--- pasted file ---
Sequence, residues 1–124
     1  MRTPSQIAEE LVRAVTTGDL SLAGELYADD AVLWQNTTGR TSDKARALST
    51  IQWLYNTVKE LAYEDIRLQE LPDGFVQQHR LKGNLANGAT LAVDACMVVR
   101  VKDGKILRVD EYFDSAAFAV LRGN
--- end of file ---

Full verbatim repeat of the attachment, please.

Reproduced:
Sequence, residues 1–124
     1  MRTPSQIAEE LVRAVTTGDL SLAGELYADD AVLWQNTTGR TSDKARALST
    51  IQWLYNTVKE LAYEDIRLQE LPDGFVQQHR LKGNLANGAT LAVDACMVVR
   101  VKDGKILRVD EYFDSAAFAV LRGN